Instead of providing much needed opportunities, South Africa’s ailing education system is keeping children from poor households at the back of the job queue and locking families into poverty for another generation

Using newly available data sets, including those linking information on income with numeracy skills, the report analyzed how low-quality tuition in the post-apartheid education system is perpetuating “exclusion and marginalization”.

To read more go to IRIN’s (UN Office for the Coordination of Humanitarian Affairs) web site by Clicking Here!

To read the Social Policy Research Group’s report Click Here!

National Education Evaluation and Development Unit (NEEDU) launched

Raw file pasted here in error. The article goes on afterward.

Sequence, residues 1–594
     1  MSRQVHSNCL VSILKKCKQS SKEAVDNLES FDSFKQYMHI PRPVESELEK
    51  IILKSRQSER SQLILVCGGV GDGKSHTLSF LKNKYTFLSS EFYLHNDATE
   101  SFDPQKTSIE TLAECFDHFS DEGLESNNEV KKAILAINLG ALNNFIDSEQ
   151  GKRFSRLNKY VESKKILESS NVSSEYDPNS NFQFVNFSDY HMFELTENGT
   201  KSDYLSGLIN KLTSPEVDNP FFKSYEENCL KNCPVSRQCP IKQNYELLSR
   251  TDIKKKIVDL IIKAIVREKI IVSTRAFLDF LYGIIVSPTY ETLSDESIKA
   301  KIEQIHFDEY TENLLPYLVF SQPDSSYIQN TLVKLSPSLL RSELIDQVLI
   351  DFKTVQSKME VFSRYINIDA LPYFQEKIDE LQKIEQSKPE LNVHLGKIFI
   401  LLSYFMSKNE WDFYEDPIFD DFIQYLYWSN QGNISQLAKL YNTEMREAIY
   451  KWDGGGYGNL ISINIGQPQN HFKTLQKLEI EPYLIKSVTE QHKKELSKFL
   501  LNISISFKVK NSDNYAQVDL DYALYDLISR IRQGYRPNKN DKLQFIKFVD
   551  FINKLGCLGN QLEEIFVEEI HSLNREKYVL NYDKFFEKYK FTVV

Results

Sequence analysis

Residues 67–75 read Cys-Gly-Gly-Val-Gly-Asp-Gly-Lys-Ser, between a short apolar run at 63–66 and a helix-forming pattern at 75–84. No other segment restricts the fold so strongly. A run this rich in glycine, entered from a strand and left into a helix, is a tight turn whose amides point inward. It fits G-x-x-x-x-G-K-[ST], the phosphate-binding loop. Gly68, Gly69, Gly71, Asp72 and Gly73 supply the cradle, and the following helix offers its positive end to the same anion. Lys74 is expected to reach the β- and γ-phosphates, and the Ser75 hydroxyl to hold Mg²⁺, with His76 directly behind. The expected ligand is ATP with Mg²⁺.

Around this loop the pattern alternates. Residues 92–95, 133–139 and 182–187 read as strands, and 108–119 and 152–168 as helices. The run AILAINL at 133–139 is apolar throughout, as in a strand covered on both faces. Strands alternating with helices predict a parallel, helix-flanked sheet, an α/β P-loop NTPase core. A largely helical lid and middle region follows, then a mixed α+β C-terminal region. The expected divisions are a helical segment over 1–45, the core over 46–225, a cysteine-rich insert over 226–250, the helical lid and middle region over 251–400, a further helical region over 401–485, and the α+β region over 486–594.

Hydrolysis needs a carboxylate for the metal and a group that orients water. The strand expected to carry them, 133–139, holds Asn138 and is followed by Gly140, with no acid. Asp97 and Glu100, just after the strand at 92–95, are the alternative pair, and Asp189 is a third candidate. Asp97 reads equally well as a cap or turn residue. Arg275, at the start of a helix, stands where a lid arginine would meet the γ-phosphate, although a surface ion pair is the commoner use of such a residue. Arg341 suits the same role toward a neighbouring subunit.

South African Basic Education Minister Angie Motshekga officially launched the National Education Evaluation and Development Unit (NEEDU) in Pretoria recently and hailed it as a critical milestone in the journey towards quality education in South Africa.

NEEDU will be tasked with providing the Minister with an independent account of the state of schools and the development needs of the school education system through a monitoring and evaluation system.

The unit will also be responsible for identifying the factors that inhibit or advance school improvement; make recommendations for redressing the problem areas that undermine school improvement and to propose appropriate solutions to ensure that schools offer effective education for all learners.